Thursday, July 26, 2012

Alice's Review: The Distant Hours


Summary: It starts with a letter, lost for half a century and unexpectedly delivered to Edie’s mother on a Sunday afternoon. The letter leads Edie to Milderhurst Castle, where the eccentric Blythe spinsters live and where, she discovers, her mother was billeted during World War II. The elder Blythe sisters are twins and have spent most of their lives caring for their younger sister, Juniper, who hasn’t been the same since her fiancé jilted her in 1941. Inside the decaying castle, Edie searches for her mother’s past but soon learns there are other secrets hidden in its walls. The truth of what happened in “the distant hours” has been waiting a long time for someone to find it. In this enthralling romantic thriller, Morton pays homage to the classics of gothic fiction, spinning a rich and intricate web of mystery, suspense, and lost love. ~ amazon.com


Review:  It’s no secret that I have been reading The Distant Hours for a month.   The slowness was definitely contributed to the novel been nearly 600 pages, or a brick as I liked to refer to it.  It was formidable, intimidating.  I would read and not feel like I was putting a dent in it.  It was discouraging.  I think I would have given up on it weeks ago had it not been for the List Swap Challenge Julie and I are participating in.  I’m glad I didn’t give up on it because this has been one of the best reads of the year for me.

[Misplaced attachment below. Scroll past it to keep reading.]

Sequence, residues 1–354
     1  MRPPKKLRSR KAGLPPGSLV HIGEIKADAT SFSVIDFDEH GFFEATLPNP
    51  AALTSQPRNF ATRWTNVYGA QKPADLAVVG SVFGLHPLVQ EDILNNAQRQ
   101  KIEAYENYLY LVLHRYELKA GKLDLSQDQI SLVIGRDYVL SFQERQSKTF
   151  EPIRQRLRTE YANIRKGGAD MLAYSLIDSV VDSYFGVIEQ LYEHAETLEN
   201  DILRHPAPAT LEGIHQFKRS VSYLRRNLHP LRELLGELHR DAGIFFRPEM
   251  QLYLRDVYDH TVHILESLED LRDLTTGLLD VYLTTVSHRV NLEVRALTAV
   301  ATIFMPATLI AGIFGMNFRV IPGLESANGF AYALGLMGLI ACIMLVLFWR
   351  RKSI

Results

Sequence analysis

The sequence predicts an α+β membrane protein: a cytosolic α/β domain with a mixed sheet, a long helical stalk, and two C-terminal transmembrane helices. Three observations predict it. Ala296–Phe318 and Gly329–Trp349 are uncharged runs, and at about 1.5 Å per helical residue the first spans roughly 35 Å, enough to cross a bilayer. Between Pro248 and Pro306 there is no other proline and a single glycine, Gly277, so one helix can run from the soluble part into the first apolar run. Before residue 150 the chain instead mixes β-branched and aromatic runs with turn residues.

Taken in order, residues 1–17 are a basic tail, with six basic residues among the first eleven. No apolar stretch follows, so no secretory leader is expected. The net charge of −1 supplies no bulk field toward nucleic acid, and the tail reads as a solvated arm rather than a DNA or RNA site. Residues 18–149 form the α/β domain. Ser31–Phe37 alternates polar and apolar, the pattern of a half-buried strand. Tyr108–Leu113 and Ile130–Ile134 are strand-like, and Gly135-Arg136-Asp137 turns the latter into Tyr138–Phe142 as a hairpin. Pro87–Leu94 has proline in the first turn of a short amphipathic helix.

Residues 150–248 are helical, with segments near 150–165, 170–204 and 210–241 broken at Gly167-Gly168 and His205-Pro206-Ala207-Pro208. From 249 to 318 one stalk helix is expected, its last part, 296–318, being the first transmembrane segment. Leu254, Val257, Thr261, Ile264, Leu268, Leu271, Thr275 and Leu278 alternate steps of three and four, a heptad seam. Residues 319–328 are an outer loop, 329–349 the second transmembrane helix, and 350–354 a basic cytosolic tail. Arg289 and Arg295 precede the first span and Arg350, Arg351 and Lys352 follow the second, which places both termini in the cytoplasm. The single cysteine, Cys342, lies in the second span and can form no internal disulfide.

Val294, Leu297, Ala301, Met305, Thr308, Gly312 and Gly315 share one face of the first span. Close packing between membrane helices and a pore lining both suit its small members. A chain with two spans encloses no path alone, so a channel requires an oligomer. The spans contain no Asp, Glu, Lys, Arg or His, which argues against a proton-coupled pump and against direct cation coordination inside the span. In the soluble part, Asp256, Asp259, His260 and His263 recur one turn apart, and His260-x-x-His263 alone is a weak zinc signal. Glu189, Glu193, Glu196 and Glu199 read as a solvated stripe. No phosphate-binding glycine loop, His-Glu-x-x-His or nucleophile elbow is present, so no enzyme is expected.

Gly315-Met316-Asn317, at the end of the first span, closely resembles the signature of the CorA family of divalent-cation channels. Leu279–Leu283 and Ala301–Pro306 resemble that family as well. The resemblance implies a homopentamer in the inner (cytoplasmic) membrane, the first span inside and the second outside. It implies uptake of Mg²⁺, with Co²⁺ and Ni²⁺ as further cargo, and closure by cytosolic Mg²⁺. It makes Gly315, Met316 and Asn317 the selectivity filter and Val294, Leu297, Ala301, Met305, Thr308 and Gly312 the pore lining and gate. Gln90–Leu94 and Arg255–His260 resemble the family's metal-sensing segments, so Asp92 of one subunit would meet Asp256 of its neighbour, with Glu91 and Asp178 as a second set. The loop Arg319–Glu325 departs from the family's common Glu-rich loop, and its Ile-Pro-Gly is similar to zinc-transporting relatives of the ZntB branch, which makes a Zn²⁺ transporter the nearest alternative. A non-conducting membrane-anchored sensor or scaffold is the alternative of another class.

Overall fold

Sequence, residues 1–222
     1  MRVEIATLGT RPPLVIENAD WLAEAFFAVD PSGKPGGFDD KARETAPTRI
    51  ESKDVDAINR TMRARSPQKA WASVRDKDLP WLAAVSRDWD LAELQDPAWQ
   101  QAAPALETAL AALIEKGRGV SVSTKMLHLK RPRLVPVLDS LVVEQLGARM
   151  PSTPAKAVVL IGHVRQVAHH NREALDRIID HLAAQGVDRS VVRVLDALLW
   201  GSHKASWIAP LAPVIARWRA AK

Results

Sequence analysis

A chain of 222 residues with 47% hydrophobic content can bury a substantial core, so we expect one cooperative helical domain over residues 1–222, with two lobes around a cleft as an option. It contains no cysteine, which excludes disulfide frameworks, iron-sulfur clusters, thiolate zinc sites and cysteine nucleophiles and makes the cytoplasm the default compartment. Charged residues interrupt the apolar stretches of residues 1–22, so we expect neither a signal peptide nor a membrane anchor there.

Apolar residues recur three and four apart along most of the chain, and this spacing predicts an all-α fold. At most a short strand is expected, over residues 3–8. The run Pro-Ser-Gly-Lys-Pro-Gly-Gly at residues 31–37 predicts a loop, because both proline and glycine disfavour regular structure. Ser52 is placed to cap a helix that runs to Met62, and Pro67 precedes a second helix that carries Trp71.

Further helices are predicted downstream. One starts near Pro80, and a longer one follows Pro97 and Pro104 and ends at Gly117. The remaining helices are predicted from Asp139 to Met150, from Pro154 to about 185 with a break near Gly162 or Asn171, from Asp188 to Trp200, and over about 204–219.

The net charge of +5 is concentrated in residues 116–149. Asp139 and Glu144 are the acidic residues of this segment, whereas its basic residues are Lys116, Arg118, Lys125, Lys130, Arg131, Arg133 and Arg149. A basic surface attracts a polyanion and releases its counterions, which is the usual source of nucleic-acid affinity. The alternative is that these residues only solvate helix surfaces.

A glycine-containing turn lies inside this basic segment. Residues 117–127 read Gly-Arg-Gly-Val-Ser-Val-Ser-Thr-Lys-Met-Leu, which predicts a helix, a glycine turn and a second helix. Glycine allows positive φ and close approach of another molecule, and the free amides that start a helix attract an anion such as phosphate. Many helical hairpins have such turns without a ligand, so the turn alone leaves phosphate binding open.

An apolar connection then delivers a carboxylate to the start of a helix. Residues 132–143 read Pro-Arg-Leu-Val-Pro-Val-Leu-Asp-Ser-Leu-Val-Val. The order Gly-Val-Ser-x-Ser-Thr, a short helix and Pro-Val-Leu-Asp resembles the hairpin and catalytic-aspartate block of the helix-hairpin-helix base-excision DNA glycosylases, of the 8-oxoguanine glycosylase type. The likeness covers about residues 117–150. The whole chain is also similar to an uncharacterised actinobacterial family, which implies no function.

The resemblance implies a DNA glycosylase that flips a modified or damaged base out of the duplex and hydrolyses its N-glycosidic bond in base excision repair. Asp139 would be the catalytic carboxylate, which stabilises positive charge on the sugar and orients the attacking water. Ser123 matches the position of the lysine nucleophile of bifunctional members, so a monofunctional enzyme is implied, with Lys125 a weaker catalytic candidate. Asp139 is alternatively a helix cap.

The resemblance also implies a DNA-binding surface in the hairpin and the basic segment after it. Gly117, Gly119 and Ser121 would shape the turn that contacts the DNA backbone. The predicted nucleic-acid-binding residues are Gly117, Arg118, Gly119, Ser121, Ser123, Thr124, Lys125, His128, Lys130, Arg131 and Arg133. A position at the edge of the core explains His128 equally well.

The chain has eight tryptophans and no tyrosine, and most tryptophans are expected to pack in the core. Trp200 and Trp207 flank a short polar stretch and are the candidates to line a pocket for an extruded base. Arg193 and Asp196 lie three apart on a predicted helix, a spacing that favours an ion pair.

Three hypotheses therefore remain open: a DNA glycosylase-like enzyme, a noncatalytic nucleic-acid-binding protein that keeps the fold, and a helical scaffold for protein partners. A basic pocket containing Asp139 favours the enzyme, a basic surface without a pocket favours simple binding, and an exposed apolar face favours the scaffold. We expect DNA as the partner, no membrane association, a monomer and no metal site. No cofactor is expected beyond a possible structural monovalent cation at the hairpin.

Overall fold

This novel incorporates many of my favorite reading loves.  I love novels about sisters, I love romance, I love heartbreak, I love novels set in the 40s.  I love reading about women and how they interact with each other.  I love the secrets, the vulnerability in revealing truths.  The Distant Hours is all those things and more.

Ms. Morton’s writing style is poetry.  The mere size of the novel is testament that she did not leave any stones unturned.  This novel was well researched, thought-out.   She bounced back and forth between 1941 and 1992 with ease.  I was never confused or confounded. 

She writes such strong, beautiful women.  Each of the sisters, as well as Edie, Meredith, Lucy, and Rita, were multidimensional characters.  I thoroughly enjoyed getting to know each one.  One of the stunning truths of this novel is that although each woman had strength of her own, they were more or less control by one man and his secrets, Raymond Blythe.  He was the catalyst in The Distant Hours.

Shroud in mystery, Ms. Morton’s gift is revealing these in an unexpected way.  Just like Edie, I would begin to think one thing, convinced I had it figured out and then Wham! – Here comes the truth and it would leave my head spinning and feeling awed, impressed how easily I was fooled and how the truth was there all along.

This novel was such a pleasure to read.  It reminds me of the kind of novel you curl up to on a cold, rainy or snowy night.  It’s comfortable, it makes you think, it keeps you guessing.  Maybe it’s the castle setting, maybe it’s the relationship between the women.  Maybe it’s the women individually.  There is just something so wonderful about this novel that each minute spend reading it is like getting to know a new friend.

And just how it was highly recommended to me, I highly recommend The Distant Hours to you.


Final Take: 5/5

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